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So back in 2012, we were installed in the workshop close to my home in the French countryside, with my schedule getting harder to manage by the day. At this time, on weekdays I would be working in my countryside workshop with a small collaboration of four people (including two apprentices) while frequently running to Paris to meet clients, take measurements, and do fitting sessions. On the weekends, I found myself doing administrative work.

That was the situation when Berluti contacted me. And if I’m honest without fault, integrating with Berluti was a dream come true for me. I will always have gratitude for Antoine Arnault for this unique chance to extend my reach while doing the craft that I love.

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PG :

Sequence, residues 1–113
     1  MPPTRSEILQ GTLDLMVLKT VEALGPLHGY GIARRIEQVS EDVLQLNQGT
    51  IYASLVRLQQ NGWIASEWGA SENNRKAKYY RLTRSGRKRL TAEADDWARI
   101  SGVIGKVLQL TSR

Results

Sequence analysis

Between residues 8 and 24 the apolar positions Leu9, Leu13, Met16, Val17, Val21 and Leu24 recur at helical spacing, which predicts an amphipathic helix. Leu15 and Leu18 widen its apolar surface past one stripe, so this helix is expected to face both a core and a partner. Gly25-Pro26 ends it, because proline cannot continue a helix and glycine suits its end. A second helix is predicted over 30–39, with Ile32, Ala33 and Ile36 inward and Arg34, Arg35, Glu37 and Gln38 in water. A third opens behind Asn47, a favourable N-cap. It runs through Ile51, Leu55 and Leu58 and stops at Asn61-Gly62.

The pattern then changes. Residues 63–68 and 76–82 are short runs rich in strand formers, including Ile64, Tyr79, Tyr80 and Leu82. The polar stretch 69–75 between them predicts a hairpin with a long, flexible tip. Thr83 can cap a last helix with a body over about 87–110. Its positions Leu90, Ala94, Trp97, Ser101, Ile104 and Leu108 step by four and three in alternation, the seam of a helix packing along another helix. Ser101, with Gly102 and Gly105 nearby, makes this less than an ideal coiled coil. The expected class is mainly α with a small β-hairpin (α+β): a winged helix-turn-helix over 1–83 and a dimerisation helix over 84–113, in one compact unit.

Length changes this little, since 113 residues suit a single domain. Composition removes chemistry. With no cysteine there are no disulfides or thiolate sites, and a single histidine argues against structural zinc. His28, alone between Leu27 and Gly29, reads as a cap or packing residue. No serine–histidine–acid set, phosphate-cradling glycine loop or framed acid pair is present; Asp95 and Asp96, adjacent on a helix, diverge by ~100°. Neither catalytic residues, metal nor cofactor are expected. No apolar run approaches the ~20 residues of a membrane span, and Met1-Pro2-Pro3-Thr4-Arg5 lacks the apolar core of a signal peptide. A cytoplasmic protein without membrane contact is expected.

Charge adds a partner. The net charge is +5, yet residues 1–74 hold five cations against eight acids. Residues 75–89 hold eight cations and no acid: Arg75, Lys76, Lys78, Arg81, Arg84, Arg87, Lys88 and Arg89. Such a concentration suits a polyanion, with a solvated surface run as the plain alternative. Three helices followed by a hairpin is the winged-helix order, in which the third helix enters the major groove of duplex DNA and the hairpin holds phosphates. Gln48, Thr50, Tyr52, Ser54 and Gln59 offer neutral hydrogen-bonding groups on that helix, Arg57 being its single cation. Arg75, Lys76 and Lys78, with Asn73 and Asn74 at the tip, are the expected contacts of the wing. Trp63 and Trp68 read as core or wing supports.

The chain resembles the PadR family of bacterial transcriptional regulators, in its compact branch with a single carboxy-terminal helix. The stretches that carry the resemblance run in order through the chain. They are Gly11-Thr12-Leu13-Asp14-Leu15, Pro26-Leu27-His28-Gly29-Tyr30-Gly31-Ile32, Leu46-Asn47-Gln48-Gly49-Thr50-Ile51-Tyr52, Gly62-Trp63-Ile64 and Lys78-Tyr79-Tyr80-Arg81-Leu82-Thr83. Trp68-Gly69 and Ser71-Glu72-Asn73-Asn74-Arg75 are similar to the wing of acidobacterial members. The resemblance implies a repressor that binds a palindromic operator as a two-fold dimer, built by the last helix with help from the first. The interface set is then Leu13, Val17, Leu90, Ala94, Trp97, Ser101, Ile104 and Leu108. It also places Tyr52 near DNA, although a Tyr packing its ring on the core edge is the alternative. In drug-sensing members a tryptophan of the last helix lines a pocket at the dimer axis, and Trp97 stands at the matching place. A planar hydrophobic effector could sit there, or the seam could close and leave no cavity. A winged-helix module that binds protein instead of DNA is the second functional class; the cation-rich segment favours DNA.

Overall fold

So if I understand correctly, the bootmaker starts off on a chase to secure customers, then if he is good (and somehow lucky) the situation reverses and the customer chases after the bookmaker. But because the bootmaker only has two hands, obvious obstacles arise and the situation becomes a vicious circle. Is it still possible in 2014 to succeed under such conditions, whether working alone or with a small team ?

 Anthony Delos :

It all depends on your objectives. I know a few countryside bootmakers who choose quality of life over expanding their business, accepting only a limited number of customers per year, and they are very happy with that choice. If that is your objective, then it is reachable. However, this example is a different way of life, and not the one I had in mind when I started out. I’m a few years down the line now however, and I can confidently say that I completely understand why someone would chose this less chaotic way of life.